Disease Information for Rolandic epilepsy

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Clinical Manifestations
Signs & Symptoms
Stereotypical Recurrent Attacks
Facial grimacing
Abnormal movements/involuntary
Aphasia
Clonic facial movements
Dysphasia
Intelligence normal
Neurologic manifestations/signs
Postictal depression/sedation effects
Seizures
Seizures/Children/recurrent
Tonic posture/stiffening
Episodic symptoms/events
Nocturnal awakenings Events Phenomenon
Clinical Presentation & Variations
Presentation/Child Nocturnal Grimacing Aphasia Wakening
Disease Progression
Course/Acute
Course/Chronic disease crisis/flare/attacks
Course/Chronic disorder
Course/Chronic only
Course/Circadian rhythm, same time event/flair
Course/Improves with time/growth/development
Course/No sequelae expected
Course/Paroxysmal
Course/Periodic Episodic
Course/Recurrent
Course/Recurrent illness pattern
Course/Relapsing
Course/Self limited usually
Onset/Abrupt/Sudden
Demographics & Risk Factors
Population Group
Child
Population/Pediatrics population
Family History
Family history/Nerve disease
Sex & Age Groups
Population/Child
Population/Child-Infant Only
Population/Children/all
Population/Preschool child
Population/Young child ('Twos')
Diagnostic Test Results
Electrodiagnosis
EEG/Abnormality
EEG/Focal abnormality
EEG/Seizure activity abnormality
EEG/Seizure focus Sylvian/Rolandic area
EEG/Spike/wave discharge temporal area
Associated Diseases & Rule outs
Associated Disease & Complications
Convulsions (grand mal)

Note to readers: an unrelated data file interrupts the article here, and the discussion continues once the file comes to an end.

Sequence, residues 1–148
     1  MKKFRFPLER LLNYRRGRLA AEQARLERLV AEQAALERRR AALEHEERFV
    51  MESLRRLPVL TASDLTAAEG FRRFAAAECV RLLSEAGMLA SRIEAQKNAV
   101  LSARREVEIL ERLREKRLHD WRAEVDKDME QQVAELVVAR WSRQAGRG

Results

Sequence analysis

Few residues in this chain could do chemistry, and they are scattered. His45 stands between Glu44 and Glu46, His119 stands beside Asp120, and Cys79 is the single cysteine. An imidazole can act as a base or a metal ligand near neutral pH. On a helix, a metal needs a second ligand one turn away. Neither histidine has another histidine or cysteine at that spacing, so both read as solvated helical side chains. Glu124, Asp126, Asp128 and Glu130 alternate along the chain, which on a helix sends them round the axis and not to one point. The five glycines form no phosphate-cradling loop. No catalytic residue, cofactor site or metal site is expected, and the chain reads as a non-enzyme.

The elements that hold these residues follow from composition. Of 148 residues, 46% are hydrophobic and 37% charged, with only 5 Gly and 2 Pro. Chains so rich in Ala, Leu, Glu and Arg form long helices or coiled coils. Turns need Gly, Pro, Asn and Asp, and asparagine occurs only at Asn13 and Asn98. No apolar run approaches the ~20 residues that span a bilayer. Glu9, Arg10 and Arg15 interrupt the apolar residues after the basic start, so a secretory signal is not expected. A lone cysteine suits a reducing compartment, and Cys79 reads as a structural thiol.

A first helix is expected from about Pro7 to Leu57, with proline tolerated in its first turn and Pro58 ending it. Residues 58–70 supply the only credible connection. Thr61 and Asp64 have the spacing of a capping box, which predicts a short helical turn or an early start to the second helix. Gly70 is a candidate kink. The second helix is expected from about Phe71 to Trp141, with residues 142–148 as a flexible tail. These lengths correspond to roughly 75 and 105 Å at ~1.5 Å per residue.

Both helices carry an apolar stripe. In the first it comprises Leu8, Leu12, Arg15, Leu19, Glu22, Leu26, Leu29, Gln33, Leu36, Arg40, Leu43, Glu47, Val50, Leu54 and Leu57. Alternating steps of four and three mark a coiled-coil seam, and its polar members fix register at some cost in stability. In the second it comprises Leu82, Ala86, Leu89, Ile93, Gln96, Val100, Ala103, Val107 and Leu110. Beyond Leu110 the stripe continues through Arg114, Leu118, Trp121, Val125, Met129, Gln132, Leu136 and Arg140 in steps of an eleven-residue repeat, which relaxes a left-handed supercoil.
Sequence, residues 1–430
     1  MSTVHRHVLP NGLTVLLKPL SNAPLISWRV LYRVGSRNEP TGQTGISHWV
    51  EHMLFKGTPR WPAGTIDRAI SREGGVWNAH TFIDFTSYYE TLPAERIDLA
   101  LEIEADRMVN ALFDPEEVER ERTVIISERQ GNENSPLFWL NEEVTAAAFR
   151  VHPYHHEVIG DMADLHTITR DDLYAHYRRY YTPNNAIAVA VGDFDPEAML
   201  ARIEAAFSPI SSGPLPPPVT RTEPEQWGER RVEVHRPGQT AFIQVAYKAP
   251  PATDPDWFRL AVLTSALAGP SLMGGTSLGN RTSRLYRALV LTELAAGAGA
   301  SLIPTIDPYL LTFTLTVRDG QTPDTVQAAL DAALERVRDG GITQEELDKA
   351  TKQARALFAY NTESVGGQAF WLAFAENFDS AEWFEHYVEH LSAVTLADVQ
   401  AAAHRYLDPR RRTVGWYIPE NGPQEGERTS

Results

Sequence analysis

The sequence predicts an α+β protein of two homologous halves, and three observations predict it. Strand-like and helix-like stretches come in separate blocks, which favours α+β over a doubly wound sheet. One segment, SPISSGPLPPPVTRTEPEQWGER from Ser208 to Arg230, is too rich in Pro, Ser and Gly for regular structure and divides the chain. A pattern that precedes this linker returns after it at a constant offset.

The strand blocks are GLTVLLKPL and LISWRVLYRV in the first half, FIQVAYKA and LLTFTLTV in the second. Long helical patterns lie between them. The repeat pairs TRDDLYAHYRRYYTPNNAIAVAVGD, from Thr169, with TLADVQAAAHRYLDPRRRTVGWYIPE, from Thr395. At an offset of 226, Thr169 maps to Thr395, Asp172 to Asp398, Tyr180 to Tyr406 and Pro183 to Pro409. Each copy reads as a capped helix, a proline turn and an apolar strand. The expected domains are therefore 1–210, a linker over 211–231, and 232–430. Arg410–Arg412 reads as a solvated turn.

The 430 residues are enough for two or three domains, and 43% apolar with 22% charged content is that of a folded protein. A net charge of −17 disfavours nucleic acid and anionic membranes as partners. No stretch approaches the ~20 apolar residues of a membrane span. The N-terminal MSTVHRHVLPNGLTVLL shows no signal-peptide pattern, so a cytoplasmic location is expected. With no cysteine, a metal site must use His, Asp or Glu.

Epilepsy
Partial complex seizure
Rolandic epilepsy
Seizure disorder (epilepsy)
Disease Mechanism & Classification
Class
CLASS/Pediatric disorders (ex)
CLASS/Neurologic (category)
Pathophysiology
Pathophysiology/Genomic indentifiers (polymorphism/snip/mutations)
Pathophysiology/Epileptiform/epileptic disorder
Pathophysiology/NO Neurologic complications occur
Process
PROCESS/Congenital/developmental (category)
PROCESS/Episodic disorder (ex)
PROCESS/Hereditary/Genetic predisposition (ex)
PROCESS/Hereditofamilial (category)
Synonyms
Synonym
BECTS, Benign Childhood Epilepsy With Centro Temporal Spikes, Benign childhood epilepsy with centrotemporal spike, Benign Epilepsy Childhood Centrotemporal Spikes, BENIGN EPILEPSY OF CHILDHOOD WITH CENTROTEMPORAL SPIKES, Benign Rolandic Epilepsy, Benign Rolandic epilepsy (disorder), Benign Rolandic Epilepsy of Childhood, Bnign chhd ep and cntro tmp spik, Centralopathic Epilepsies, CENTRALOPATHIC EPILEPSY, Centrotemporal Epilepsies, CENTROTEMPORAL EPILEPSY, ECT, Epilepsies Centralopathic, Epilepsies Centrotemporal, Epilepsies Rolandic, Epilepsy Benign Rolandic, Epilepsy Centralopathic, Epilepsy Centrotemporal, Epilepsy Rolandic, Epilepsy Rolands, Epilepsy Sylvian, Rolandic Epilepsies, Rolandic Epilepsy, Rolandic Epilepsy Benign, Rolands Epilepsy, Sylvian Epilepsy, Temporal central focal epilepsy, Temporal centrl focl epilepsy, Synonym/Benign focal epilepsy of childhood, Synonym/Benign Rolandic epilepsy/childhood, Synonym/BRE, Synonym/Sylvian seizures
Treatment
Drug Therapy - Indication
RX/Anticonvulsants
Definition

An autosomal dominant inherited partial epilepsy syndrome with onset between age 3 and 13 years. Seizures are characterized by PARESTHESIA and tonic or clonic activity of the lower face associated with drooling and dysarthria. The episodes tend to occur at night and may become secondarily generalized. In most cases, affected children are neurologically and developmentally normal. The electroencephalogram shows characteristic high-voltage sharp waves over the central temporal regions, which are more prominent during drowsiness and sleep. In general, seizures do not continue beyond mid-adolescence. (From Epilepsia 1998 39;Suppl 4:S32-S41)

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Harrison's Online (accessmedicine)
NEJM (The New England Journal of Medicine)
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